If you plan to turn at an intersection (for example) which is close to a business driveway, be especially careful. People leaving that business may think you are turning into the driveway when you really intend to turn at the intersection. These drivers may pull out right in front of you. In a case like this, it might be better to signal after the driveway but before the intersection.

Check your signal after turning. Turn it off if it hasn’t clicked off by itself.

Signal When You Slow Down Or Stop Suddenly

Never stop on the road, unless necessary for safety or to obey a law. Start braking early as a signal to the cars behind you.

If you can see an accident ahead, warn the drivers behind you by turning on your emergency flashers or tapping your brake pedal quickly three or four times. You can also use the hand signal for slowing and stopping.

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Our Driver Education Course is Accepted by the California DMV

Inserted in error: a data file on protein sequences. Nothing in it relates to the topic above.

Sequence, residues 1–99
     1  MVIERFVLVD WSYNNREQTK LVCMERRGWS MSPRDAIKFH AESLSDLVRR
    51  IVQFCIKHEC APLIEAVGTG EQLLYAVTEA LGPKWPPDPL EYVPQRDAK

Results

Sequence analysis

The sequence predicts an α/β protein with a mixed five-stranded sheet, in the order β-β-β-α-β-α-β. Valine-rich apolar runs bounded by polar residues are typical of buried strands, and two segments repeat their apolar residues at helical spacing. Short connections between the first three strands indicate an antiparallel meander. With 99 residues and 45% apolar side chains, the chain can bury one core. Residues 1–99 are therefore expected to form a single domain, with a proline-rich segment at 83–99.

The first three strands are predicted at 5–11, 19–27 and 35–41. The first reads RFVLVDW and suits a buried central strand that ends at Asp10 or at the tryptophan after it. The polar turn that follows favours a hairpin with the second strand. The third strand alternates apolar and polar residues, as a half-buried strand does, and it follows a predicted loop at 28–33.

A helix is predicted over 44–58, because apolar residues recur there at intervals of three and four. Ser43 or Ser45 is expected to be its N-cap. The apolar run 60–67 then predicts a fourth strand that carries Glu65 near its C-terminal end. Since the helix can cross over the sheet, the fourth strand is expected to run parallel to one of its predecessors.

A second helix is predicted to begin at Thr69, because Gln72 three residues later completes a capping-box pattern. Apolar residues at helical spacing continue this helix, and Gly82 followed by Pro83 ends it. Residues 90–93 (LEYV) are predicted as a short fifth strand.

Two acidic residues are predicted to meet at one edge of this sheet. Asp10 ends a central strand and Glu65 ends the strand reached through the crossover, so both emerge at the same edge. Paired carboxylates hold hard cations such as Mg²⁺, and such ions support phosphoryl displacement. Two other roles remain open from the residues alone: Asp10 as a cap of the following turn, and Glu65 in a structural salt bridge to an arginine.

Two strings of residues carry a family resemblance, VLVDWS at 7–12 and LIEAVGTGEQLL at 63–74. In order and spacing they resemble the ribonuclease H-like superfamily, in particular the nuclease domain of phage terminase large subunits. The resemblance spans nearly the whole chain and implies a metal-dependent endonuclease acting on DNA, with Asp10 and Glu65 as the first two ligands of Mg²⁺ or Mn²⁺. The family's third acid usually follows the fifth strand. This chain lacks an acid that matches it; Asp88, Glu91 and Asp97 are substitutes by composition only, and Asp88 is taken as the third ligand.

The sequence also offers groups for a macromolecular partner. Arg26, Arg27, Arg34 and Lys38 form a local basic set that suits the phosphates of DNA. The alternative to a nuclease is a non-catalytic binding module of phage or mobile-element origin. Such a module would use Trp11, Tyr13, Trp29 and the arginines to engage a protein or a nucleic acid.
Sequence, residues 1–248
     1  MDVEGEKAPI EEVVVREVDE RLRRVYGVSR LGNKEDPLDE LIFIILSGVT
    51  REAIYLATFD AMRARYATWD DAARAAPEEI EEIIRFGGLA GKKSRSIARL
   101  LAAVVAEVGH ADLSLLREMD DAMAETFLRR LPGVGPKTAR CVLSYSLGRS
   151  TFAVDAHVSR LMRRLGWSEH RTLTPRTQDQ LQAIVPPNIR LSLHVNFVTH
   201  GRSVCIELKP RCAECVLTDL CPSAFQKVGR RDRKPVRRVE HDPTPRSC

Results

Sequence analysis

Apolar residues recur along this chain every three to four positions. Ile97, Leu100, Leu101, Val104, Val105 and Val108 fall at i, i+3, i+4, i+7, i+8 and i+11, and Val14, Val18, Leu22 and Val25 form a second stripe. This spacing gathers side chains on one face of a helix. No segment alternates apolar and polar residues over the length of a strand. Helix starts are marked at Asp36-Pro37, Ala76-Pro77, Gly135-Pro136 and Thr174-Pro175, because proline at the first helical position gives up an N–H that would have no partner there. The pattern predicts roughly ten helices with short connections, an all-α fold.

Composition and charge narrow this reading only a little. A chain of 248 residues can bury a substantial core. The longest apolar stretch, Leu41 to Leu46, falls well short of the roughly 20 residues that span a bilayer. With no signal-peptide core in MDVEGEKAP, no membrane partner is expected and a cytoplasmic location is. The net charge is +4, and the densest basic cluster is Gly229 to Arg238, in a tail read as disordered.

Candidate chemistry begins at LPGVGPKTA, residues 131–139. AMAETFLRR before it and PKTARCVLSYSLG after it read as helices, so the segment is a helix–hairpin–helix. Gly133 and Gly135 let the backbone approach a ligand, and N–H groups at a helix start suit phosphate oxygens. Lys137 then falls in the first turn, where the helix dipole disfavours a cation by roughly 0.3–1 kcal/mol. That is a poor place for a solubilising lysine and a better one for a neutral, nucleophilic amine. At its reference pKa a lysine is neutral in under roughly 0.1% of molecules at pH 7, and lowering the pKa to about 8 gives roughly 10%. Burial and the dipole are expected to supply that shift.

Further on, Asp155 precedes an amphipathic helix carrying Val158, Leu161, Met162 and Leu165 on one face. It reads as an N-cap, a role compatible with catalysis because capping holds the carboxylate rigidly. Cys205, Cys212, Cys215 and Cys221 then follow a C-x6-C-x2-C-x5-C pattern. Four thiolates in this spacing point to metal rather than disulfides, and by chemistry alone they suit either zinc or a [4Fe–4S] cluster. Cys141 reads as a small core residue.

View Our California DMV Verification Letter

Sample DMV Driver Education Certificate of Completion

California Highway Patrol

"Cal-Driver-Ed is a pioneer in the field of online driver education. Over 80,000 California teenagers have taken their courses and are driving today."

"I recommend Cal-Driver-Ed for home study driver education."

The following quotes are excerpts from a California DMV Study on the Effectiveness of Home-Study Driver Education (PDF) dated April 2003:

"Home-study students performed just as well or better than classroom students ... "

"Home-study courses may also have the additional benefit of increasing parental involvement in their teen's learning process, which has been shown to be an important factor ..."

Cal Driver Ed is proud
to be a member in good
standing of the
Better Business Bureau
of NE California.

Better Business Bureau Member



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Traffic school will help keep your auto insurance costs lower if you receive a traffic ticket.

Every licensed California Driver must have auto insurance to drive a vehicle in California. Proof of insurance must be provided to the California DMV when you obtain your drivers license (not your learners permit).

Proof of auto insurance must also be provided to DMV when you register or renew the license on a vehicle you own.